4.2 Solar forcing during 11 450–11 000 years BP
Our suggestion of a causal sun–climate link during the earliest part of the Holocene can be further supported by the spatial patterns of the 11.4 ka event in Greenland followed by a cold period at MFM starting at 11 250 years BP (MFM oscillation). Based on our synchronization of the different paleoclimate records, we find an asynchronous relationship between the Greenland and European climates, characterized by cold and dry conditions over Greenland but with no evidence of it at MFM under high solar activity and a warm and wetter Greenland climate, as well as colder conditions at MFM for low solar activity (Fig. 3).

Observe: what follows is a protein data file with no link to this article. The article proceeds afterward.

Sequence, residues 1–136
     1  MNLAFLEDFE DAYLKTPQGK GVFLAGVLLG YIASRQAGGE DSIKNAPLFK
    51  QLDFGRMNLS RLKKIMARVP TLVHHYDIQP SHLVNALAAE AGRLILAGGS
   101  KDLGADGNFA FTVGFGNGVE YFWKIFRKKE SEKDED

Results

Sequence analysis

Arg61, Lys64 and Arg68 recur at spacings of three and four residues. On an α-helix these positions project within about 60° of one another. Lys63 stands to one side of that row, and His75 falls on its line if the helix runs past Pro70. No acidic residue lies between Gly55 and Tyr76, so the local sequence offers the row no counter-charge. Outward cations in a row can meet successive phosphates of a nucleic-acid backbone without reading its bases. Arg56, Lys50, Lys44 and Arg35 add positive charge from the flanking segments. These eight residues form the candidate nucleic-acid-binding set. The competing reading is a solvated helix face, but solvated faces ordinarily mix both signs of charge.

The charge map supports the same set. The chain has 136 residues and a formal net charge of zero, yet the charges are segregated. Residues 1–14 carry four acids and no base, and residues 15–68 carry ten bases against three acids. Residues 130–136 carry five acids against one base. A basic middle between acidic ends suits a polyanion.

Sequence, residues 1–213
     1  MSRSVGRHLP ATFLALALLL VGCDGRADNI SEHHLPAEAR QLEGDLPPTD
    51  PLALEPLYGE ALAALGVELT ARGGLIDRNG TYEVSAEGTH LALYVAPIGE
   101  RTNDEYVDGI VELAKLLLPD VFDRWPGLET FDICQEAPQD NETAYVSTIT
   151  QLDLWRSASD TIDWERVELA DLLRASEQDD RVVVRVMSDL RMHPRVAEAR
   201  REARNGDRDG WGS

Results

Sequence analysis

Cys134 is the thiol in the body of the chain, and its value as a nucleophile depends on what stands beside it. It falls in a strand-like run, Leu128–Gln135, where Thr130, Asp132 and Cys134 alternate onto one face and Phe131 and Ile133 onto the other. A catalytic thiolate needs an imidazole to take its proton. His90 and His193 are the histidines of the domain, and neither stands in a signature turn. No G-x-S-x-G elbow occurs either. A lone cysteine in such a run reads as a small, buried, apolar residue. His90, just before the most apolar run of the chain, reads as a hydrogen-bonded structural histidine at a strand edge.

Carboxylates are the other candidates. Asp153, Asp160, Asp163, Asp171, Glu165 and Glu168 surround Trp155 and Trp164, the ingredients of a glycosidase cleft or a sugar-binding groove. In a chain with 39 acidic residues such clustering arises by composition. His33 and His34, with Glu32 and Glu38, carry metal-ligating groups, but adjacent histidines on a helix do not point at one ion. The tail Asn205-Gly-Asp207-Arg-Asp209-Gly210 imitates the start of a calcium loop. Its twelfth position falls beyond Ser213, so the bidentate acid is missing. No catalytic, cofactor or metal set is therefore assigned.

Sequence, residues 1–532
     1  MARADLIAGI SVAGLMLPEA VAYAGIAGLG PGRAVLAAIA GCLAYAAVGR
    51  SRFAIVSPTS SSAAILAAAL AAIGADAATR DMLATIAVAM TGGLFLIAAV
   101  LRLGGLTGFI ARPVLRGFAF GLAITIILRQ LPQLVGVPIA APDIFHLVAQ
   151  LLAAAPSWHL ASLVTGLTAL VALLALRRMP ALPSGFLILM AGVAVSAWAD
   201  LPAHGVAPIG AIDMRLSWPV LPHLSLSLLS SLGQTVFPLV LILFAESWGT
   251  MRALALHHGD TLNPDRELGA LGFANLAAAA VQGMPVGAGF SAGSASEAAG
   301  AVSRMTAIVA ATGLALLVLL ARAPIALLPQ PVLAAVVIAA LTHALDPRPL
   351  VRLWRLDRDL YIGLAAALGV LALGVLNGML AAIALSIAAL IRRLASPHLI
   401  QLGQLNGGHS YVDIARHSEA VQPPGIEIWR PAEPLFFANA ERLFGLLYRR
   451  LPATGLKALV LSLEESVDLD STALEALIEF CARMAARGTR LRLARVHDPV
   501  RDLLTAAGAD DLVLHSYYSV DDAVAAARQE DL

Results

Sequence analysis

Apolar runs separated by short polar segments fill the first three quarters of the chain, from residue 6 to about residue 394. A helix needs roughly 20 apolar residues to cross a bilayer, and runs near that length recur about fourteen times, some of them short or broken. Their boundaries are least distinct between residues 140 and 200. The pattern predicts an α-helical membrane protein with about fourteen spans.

This pattern is consistent with a number of, but not all, climate modeling studies that find a top-down influence of solar activity on North Atlantic and European atmospheric circulation patterns. This forcing mechanism involves the increase in UV radiation during solar maximum years (Haigh et al., 2010; Lockwood et al., 2010), which enhances the production of stratospheric ozone and leads to stratospheric heating through the increased absorption of longwave radiation (Haigh et al., 2010), especially at the Equator. This increases the stratospheric temperature gradient between the Equator and poles (Simpson et al., 2009), leading to an acceleration of the polar night jet (Kodera et al., 2002), which eventually propagates down to the troposphere via wave refraction (Matthes et al., 2006; Ineson et al., 2011). In turn, this leads to patterns in surface pressure and temperature which mimic those of the positive phase of the North Atlantic Oscillation (NAO) in winter (Woollings et al., 2010; Ineson et al., 2011). The opposite mode applies during periods of solar minima. It should, however, be stressed that there is no consistent correlation between the North Atlantic Oscillation and solar forcing for the past centuries (Gray et al., 2013; Ortega et al., 2015), although a solar influence on the region is not necessarily related to the NAO (Moffa-Sánchez et al., 2014; Sjolte et al., 2018). Even though the spatial pattern we observe agrees well with a top-down solar forcing, other mechanisms cannot be excluded as lying behind the different North Atlantic response patterns. Overall, it has to be kept in mind that different time periods with different climate boundary conditions could lead to shifting atmospheric patterns.